Maxims in fact, like these, are not mere speculations; they should naturally influence our morals, and be of service to us in practical life. For to what purpose would it be to listen to the advise of reason, unless we intended to follow it? Of what signification are those rules of conduct, which manifestly appear to us good and useful, if we refuse to conform to them? We ourselves are sensible, that this light was given us to regulate our steps and motions. If we deviate from these maxims, we inwardly disapprove and condemn ourselves, as we are apt to condemn any other person in a similar case. But if we happen to conform to these maxims, it is a subject of internal satisfaction, and we commend ourselves, as we commend others, who have acted after this manner. These sentiments are so very natural, that it is not in our power to think otherwise. We are forced to respect these principles, as a rule agreeable to our nature, and on which our felicity depends.
IX. This agreeableness sufficiently known implies a necessity of squaring our conduct by it. When we mention necessity, it is plain we do not mean a physical, but moral necessity, consisting in the impression, made on us by some particular motives, which determine us to act after a certain manner, and do not permit us to act rationally the opposite way.
Finding ourselves in these circumstances, we say we are under an obligation of doing or omitting a certain thing; that is, we are determined to it by solid reasons, and engaged by cogent motives, which, like so many ties, draw our will to that side. It is in this sense a person says he is obliged. For, whether we are determined by popular opinion, or whether we are directed by civilians and ethic writers, we find that the one and the other make obligation properly consist in a reason, which, being well understood and approved, determines us absolutely to act after a certain manner preferable to another, Hence it follows, that the whole force of this obligation depends on the judgment, by which we approve or condemn a particular manner of acting. For to approve is acknowledging we ought to do a thing; and to condemn is owning we ought not to do it. Now ought and to be obliged are synonymous terms.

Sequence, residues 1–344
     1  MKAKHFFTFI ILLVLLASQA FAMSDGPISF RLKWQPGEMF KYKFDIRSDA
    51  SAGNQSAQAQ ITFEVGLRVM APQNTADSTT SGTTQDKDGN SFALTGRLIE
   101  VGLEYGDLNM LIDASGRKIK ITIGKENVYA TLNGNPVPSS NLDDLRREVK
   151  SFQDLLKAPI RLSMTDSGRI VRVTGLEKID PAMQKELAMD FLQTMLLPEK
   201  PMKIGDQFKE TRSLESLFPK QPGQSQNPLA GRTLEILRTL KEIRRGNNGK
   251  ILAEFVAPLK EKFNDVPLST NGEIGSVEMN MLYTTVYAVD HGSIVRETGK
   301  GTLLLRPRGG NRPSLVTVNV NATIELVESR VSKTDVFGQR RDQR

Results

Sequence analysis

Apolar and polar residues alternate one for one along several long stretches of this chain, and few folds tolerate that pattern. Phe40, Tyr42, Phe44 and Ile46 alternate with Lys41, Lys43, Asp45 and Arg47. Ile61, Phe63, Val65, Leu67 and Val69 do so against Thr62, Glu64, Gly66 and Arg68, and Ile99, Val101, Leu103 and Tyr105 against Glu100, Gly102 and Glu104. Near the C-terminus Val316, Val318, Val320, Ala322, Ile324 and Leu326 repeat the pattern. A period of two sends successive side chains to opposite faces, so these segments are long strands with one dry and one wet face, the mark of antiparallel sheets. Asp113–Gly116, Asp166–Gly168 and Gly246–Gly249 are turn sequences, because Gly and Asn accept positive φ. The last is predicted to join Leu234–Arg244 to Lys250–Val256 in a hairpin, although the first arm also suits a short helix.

We have already hinted at the natural analogy between the proper and literal sense of the word obliged, and the figurative signification of this same term. Obligation properly denotes a tie; a man obliged is therefore a person, who is tied. And as a man, bound with cords or chains, cannot move or act with liberty, so it is very near the same case with a person, who is obliged; with this difference, that, in the first case, it is an external and physical impediment, which prevents the effect of one's natural strength; but in the second, it is only a moral tie; that is, the subjection of liberty is produced by reason, which, being the primitive rule of man and his faculties, directs and necessarily modifies his operations in a manner suitable to the end, it proposed.